Meeting reminder for TOMORROW, Wed, July 15th
July 14, 2015
Dear friends –
As mentioned in our June 14 and July 8 notes, our next meeting in Santa Fe is tomorrow, Wednesday, July 15, at 5:00 pm. (Please note that this meeting is one-half hour earlier than the previous ones!) We’ll have a little more substantive food and more time to visit with one another.
Please RSVP to this meeting. We will also tell you how to get there. This is not a public meeting, but if you have a friend you think would be interested please give us a call at 505-265-1200 or write Trish.
As we said, we will be presenting and discussing some of the results of strategic deliberations we are having with our national and international allies and advisors. As we mentioned before, tremendous strides have been made internationally toward delegitimizing and prohibiting nuclear weapons, with 112 countries – a majority of countries in the world – having pledged to support a ban treaty just this year. (Please see Bulletin 206: Desultory NPT conference ends in division, a good thing; 108 countries pledge to help ban nuclear weapons, Jun 9, 2015.)
Hopefully we will see many of you tomorrow!
Greg (and Trish)
PS: I will be co-leading a teach-in on the Ukraine situation at the UNM Law School on Wednesday, July 22, from 6-9 pm. I will be joined by Steven Starr, Senior Scientist with the Physicians for Social Responsibility. We expect this discussion to be lively and wide-ranging.
PPS: We appear in this article today: 'Los Alamos will never be clean’
Two comments on this from Greg published in train, as one:
Not much net cleanup has occurred at LANL. While well-intentioned environmental management folks have done their bit and taken home billions in paychecks, LANL has continued to create, bury, re-bury, and ship away wastes. A lot of "cleanup" at LANL, apart from the 90% of the cost which has been studying, monitoring, and overhead, is just moving waste from one place to another. The sources of toxic wastes continue operation, with grand plans to expand.
Probably 90% of the pollution emplaced at LANL will never be cleaned up. There has never been any intent or plan to do so. The "cleanup program" was and is primarily a propaganda effort designed to clean up LANL's image. The audiences are first of all its own recruits and secondarily opinion leaders in surrounding communities. The propaganda exhibits in the Bradbury Museum about LANL environmental programs give the impression that LANL has been and is a BENEFIT to the environment.
It's important to understand that in most respects the Manhattan Project never ended at LANL or in New Mexico. We can't see it because we are in it. We accept a World War II economy. Our leaders do not aspire to more. We wonder why we can't get economic development traction, why our young people are leaving. We are constantly trying to re-work the myths we tell ourselves but we do not have sufficiently serious conversations about our economy and society. When we try, our Big Brothers at the labs are always there to "help."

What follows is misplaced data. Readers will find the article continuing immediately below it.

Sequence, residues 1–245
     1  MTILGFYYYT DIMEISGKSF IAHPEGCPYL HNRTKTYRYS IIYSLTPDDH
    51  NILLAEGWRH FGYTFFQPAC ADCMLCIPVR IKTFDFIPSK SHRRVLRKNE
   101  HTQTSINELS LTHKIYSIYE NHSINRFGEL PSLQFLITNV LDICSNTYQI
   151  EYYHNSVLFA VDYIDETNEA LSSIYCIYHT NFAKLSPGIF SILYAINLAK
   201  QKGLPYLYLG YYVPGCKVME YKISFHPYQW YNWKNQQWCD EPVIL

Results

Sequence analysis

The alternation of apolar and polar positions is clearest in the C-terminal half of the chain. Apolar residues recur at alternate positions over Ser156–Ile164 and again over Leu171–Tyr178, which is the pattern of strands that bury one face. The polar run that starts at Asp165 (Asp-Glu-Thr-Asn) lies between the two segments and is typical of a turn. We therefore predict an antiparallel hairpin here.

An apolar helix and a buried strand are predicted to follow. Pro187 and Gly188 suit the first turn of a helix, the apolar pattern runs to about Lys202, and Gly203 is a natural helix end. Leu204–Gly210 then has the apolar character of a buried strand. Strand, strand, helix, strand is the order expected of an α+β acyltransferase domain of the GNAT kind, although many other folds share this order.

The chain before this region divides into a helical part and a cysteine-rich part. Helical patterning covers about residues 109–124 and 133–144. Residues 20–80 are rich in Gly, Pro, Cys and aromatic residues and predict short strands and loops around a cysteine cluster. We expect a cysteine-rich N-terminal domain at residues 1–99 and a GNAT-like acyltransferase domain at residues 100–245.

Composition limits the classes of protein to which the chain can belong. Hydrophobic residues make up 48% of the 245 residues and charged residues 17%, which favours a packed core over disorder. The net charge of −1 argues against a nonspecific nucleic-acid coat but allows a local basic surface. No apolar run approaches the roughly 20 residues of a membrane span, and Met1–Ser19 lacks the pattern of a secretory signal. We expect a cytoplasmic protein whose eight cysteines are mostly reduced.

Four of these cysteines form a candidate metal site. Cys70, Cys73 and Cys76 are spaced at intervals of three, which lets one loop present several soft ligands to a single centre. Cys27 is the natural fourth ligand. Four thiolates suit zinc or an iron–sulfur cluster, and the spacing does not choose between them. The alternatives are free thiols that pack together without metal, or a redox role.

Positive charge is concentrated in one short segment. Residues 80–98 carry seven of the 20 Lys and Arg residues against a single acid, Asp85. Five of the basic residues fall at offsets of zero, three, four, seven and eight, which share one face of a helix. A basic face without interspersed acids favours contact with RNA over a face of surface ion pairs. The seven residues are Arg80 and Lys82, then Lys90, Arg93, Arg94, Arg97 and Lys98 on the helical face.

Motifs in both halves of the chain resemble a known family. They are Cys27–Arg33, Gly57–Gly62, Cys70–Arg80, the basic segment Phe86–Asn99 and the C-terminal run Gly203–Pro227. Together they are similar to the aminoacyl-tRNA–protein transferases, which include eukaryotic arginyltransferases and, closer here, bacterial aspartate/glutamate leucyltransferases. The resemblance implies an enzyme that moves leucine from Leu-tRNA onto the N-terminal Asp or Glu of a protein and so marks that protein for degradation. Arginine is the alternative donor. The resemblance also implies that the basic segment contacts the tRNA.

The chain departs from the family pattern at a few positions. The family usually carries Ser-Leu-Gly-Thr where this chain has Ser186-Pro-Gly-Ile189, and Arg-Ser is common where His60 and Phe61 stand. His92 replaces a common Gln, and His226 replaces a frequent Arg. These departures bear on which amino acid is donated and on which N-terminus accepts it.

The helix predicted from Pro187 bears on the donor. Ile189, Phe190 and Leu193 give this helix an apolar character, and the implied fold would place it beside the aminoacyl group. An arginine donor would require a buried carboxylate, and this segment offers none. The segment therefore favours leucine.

The pollution created by LANL is not in its environment but its products. Nuclear weapons are LANL's pollution. The little spillover in the canyons and on the mesas is trivial in comparison.
Nuclear weapons (and now also cleanup, a very minor part) have consumed at least $9 trillion over the past 70 years. Just in financial terms that expense has been too much for U.S. infrastructure and our educational systems, and for our social contract. In New Mexico, post-1972 increases in lab spending are coincident and associated with concurrent declines in our state's standing in relative per capita income. Domenici was first elected to the Senate in that year: the turning point.
The legacy of the Manhattan Project has been nothing less than the death of democracy in this country, the fate of which was sealed once a full-blown national security state arose in the late 1940s and was implemented over the following decade across society. Nuclear weapons magnified our post-war geopolitical hubris and our collective fears to such a pitch that the delicate threads of democracy were torn. We've been falling since. The Soviet bomb itself was a response to ours, and a copy.
At Los Alamos, Rotblat honorably left the project in December 1944, when he saw it all coming. Klaus Fuchs and others took matters into their own hands.
Nuclear weapons are illegitimate, criminal, and threaten all human life. 112 countries want to ban them. LANL uniquely contributes nothing of value and should be closed.